Literary History Gets Corrected

Back on September 12, 2015, within a post on the controversial sexual abuse charges against science-fiction writer Marion Zimmer Bradley, I mentioned that there have been other writers who have been adjudged to be disreputable, even despicable, human beings.  Among those I mentioned was the British humor writer P.G. Wodehouse, whose late years were stained by accusations that he was a Nazi collaborator because he agreed to speak on German radio broadcasts in France after being interned there when the war began.

Now, I believe I can say–and I believe I should say–that I was wrong in my perception of Wodehouse.  Robert Crumb has written a most vigorous (and utterly delightful) defense of Wodehouse to mark the occasion of the acquisition of Wodehouse’s papers by the British Museum.  It is worth your time to read it.

Crumb’s essay fills me with a sense of relief.  I did not wish to believe that the man who created Jeeves and Bertie Wooster and a whole gallery of dotty British aunts and uncles, doctors and lawyers, could have openly (or even secretly) been a Nazi.  Knowing, however, that even good human beings are capable of doing very bad things, I held in my mind the possibility that Wodehouse the man was quite different from Wodehouse the writer.  In contrast, on this side of the Atlantic, in the same time period, we had the poet Ezra Pound, imprisoned for doing broadcasts for the Fascists.  Robert Frost, among others, was instrumental in getting the broken down Pound set free, which was a fine humanitarian thing to do, but at least in Pound’s case, his genuine fascism was apparent in his writings:  “Real education must be limited to men who insist on knowing,” Pound wrote in his journals.  “The rest is mere sheepherding.”  That proposition may be true in some strict sense, but I believe there would be a lot more men (and women) who would insist on knowing if they were given the opportunity to do so.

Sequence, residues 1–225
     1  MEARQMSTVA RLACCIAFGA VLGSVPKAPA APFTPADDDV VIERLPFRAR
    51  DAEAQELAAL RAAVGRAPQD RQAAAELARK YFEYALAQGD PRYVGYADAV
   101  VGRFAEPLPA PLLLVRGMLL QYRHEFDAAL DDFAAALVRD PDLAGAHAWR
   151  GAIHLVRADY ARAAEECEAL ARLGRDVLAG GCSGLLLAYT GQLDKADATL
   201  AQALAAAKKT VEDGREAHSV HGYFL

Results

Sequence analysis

The case of Wodehouse appeared to be more doubtful, with “evidence” pointing in both directions.  Crumb’s reading of that evidence, and his explanation of Wodehouse’s behavior, goes a long way toward correcting a sad bit of literary history, and I am grateful for the correction.

 

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